—Inger Andersen, Executive Director, United Nations Environment Programme

The World Economic Forum agrees with this viewpoint, and identified climate action failure as one of the most likely and impactful risks of 2021.

The Potential Consequences

If we fall short of the climate action plan, our planet may see numerous negative effects.

  • Reduced livable land area: Due to rising sea levels and increased heat stress, low-lying areas and equatorial regions could become uninhabitable.
  • Scarce food and water: Global warming may increase water and food scarcity. In particular, fisheries and aquafarming face increasing risks from ocean warming and acidification.
  • Loss of life: The World Health Organization projects that climate change will cause 250,000 additional deaths per year between 2030 and 2050.
  • Less biodiversity: About 30% of plant and animal species could be extinct by 2070, primarily due to increases in maximum annual temperature.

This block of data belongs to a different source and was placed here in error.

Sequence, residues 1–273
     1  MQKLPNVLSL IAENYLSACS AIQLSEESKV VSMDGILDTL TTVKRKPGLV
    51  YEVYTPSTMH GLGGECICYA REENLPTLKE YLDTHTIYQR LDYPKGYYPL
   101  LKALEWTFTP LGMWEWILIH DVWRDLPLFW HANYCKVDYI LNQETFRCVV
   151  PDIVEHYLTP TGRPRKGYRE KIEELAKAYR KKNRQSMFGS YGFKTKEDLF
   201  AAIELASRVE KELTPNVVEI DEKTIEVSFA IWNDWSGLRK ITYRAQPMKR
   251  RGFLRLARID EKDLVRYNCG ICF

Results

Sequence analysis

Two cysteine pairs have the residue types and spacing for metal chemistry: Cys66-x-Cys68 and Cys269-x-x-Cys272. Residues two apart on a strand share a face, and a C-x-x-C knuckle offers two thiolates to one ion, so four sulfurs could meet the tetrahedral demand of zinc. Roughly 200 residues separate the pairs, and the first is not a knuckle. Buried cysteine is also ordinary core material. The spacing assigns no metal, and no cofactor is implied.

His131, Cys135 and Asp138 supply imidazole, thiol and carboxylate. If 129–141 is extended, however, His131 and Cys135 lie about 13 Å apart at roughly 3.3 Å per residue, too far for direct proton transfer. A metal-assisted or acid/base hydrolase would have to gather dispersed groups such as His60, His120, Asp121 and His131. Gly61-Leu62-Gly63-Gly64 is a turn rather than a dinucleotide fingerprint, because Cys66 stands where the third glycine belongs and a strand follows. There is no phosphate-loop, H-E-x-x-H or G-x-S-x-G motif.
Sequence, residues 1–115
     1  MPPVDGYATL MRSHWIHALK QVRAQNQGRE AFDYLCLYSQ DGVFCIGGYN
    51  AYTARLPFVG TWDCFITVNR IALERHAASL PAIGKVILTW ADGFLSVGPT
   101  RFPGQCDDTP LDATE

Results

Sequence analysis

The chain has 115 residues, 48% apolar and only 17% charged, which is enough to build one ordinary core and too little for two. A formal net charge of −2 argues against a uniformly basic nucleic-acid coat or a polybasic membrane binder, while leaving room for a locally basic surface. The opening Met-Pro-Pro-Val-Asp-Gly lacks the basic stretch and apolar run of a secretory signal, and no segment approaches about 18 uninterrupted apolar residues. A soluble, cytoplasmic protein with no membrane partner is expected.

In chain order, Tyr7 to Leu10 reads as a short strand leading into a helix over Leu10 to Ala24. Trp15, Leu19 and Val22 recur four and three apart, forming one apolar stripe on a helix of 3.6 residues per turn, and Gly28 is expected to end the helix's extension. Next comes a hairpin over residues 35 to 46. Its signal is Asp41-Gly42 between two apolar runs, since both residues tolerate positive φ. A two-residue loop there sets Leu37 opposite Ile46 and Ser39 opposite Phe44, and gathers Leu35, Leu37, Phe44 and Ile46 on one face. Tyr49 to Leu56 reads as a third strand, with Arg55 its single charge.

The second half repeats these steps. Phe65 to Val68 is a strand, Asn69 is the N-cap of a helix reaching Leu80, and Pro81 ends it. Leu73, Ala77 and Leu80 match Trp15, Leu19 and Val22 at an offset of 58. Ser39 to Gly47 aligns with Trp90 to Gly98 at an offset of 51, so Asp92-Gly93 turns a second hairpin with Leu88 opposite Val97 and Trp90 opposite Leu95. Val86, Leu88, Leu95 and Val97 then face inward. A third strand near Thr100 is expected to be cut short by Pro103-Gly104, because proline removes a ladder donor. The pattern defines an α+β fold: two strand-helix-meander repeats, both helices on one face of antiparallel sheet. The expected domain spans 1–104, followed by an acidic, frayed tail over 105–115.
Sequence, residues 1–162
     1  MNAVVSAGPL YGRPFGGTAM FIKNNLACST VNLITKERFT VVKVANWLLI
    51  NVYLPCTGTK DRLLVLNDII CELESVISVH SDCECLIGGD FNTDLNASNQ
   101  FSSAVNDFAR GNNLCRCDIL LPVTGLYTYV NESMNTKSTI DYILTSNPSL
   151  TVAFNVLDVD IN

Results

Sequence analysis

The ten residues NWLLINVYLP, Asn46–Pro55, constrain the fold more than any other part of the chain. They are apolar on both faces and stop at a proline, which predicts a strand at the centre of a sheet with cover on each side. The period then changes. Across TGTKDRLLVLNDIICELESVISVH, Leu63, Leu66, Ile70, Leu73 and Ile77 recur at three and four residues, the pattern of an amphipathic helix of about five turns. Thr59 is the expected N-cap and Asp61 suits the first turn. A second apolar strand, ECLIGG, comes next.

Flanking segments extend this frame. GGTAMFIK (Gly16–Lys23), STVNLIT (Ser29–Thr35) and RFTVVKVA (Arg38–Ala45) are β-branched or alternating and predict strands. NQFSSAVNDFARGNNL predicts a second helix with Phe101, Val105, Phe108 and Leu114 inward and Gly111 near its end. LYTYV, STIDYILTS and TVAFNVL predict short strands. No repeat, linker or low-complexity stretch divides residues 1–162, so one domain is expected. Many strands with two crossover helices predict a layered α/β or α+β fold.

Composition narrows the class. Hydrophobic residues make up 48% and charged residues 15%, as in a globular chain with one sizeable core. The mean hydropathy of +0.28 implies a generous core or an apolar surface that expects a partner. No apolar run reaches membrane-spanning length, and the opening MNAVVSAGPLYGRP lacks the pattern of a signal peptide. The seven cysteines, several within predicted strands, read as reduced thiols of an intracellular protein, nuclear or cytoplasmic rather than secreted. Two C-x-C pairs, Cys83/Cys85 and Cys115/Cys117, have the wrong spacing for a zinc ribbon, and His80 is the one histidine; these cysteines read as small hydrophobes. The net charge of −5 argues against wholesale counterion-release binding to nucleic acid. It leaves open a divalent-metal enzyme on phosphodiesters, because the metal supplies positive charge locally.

• Economic losses: At 4 degree celsius warming by 2080-2099, the U.S. could suffer annual losses amounting to 2% of GDP (about $400B). If global warming is limited to 2 degrees, losses would likely drop to 0.5% of GDP.

What steps can we take to reduce these risks?

Advancing Our Climate Action Plan

Everyone, including investors, can support green initiatives to help avoid these consequences. For example, investors may consider company ESG ratings when building a portfolio, and invest in businesses that are contributing to a more sustainable future.

In Part 2 of our Paris Agreement series, we’ll explain how investors can align their portfolio with the Paris Agreement goals.